One of the things I have wanted to do since coming back to the land of English is volunteer with a hospice organization. Hospice, in case you don’t know, is caregiving for people who have a terminal illness. When there is nothing that can be medically done to turn a disease around, when there are no more treatments left, then patients and their families are eligible for hospice care. A hospice team – in a facility or in your home – makes sure that you are comfortable, as free from pain as possible, and supports your family as you make the transition out of this world.
Volunteers are a part of this team, doing nonmedical stuff like listening, bringing water or coffee or tea or warm blankets, wheeling patients outside for fresh air, and generally trying to be helpful while at the same time not making things worse than they already are. I just completed a 26-hour training program for hospice volunteers. My first shift at the hospice on the UBC campus is tomorrow afternoon.
The reason I wanted to do this? My dad.
Many of you may know that my dad died of pancreatic cancer. What you may not know is that he had a “good death.” In his last weeks of life he was at home, surrounded by family, in possession of all his faculties, and not in much pain. Although my mom mostly took care of him, his medical situation was looked after by a hospice team, which included a wonderful nurse. She so skillfully managed to ease his fear of being in pain, reassuring him that the team would find a solution — and they did. She helped us, when the time came, to take the unimaginably hard step of stopping his tube feedings – they were making things worse. She held his hand, called him “Mr. Knapp”, and I think we all were a little in love with her.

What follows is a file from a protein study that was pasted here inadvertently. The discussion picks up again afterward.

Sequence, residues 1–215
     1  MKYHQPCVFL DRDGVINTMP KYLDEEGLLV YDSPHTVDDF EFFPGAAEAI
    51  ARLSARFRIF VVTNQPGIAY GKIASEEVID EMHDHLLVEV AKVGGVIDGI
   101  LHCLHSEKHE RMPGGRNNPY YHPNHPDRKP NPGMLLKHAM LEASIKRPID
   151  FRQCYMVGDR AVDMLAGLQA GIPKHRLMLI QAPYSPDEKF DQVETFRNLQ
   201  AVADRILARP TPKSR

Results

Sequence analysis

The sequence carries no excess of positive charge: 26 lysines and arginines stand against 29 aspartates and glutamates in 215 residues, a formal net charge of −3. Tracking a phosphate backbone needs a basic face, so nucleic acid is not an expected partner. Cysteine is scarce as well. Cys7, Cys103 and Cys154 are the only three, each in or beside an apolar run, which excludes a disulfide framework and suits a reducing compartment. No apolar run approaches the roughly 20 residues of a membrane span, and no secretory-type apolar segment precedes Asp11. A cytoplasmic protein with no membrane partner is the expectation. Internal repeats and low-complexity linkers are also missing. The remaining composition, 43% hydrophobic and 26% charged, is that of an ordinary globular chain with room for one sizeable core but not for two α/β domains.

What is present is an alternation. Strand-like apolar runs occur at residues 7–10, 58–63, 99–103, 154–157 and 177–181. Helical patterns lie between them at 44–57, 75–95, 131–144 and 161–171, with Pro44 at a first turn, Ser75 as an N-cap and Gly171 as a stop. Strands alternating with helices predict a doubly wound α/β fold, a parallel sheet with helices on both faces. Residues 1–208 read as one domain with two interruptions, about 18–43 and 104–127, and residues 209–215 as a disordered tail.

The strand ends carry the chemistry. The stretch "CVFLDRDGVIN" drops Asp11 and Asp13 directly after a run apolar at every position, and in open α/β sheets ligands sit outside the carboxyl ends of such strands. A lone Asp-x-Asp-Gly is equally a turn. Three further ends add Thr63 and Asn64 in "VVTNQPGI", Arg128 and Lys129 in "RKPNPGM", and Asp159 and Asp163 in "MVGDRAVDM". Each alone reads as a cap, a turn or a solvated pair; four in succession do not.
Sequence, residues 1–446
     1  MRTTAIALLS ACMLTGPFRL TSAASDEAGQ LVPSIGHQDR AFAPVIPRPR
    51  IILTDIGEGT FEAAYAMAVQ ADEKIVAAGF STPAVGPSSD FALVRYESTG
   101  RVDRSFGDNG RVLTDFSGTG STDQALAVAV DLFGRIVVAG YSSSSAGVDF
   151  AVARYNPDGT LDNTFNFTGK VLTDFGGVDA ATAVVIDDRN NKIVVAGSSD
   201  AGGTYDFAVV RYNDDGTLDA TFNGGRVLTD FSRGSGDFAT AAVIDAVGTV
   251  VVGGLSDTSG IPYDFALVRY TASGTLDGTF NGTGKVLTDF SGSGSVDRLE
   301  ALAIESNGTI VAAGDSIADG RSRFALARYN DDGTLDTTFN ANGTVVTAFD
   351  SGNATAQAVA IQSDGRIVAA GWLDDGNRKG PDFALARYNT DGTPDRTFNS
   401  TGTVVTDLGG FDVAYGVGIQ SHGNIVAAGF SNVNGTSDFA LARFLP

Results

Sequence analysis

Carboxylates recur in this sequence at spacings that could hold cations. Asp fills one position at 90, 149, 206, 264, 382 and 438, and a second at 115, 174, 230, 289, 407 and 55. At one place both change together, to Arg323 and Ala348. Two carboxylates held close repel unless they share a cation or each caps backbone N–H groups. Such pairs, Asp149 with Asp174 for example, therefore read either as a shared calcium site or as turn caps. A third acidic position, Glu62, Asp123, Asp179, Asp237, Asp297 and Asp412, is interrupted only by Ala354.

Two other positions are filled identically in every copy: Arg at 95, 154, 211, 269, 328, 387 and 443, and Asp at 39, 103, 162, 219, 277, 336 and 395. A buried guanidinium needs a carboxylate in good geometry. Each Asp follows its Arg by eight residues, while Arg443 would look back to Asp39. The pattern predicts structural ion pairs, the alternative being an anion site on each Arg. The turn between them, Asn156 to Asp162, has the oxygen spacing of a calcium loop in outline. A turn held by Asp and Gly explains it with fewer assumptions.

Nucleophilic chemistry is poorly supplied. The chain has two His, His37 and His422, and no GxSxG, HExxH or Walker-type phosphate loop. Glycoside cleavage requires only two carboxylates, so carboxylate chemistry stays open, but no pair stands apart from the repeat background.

The day after we stopped the feedings, I left to join Marc and the boys on our regular summer hut-to-hut hike in the Alps. I had wanted to stay. Dad insisted that I go. So I said my goodbyes and went. As we rambled over passes and through picture-postcard alpine pastures, I thought about Dad and how much he would have loved the beauty of those mountains. I knew he would only last days without nourishment, so I was surprised when his voice came over the phone when we got back to civilization, saying “When will you be here?” I didn’t hesitate. I got a flight the next day.
I arrived at 11 pm, driven to the house by a kind neighbor, my bladder bursting the whole way. I ran into the house, relieved myself, and went upstairs to the family room, where Dad’s bed was. Mom was sleeping on the couch. He was gone. But only just. He must have heard me come in, and known that with two of her children there, Mom might just be able to manage. I didn’t need to see him again, and he knew it. But I think he wanted me to be there for Mom. He was looking out for her right up to the end.
Dad’s death changed me. It changed everything. And one of the things I promised myself was that I would carry the things I learned forward someday.
We will all die. No exceptions. The question is, will we have lived?
Late Fragment, by Raymond Carver
And did you get what
you wanted from this life, even so?
And what did you want?
To call myself beloved, to feel myself
beloved on the earth.
Carver got it, my dad got it. I know it might sound corny – Hallmark card alert! — but it’s true. There is nothing more important in this life than love.
I will talk a bit more in posts to come about the training, because some of it was pretty intense, and about some of my impressions from volunteering. I can’t talk about specific people, because, well, confidentiality. But there are things that need to be said, things everyone needs to know, and for the foreseeable future, I’ll be writing about this.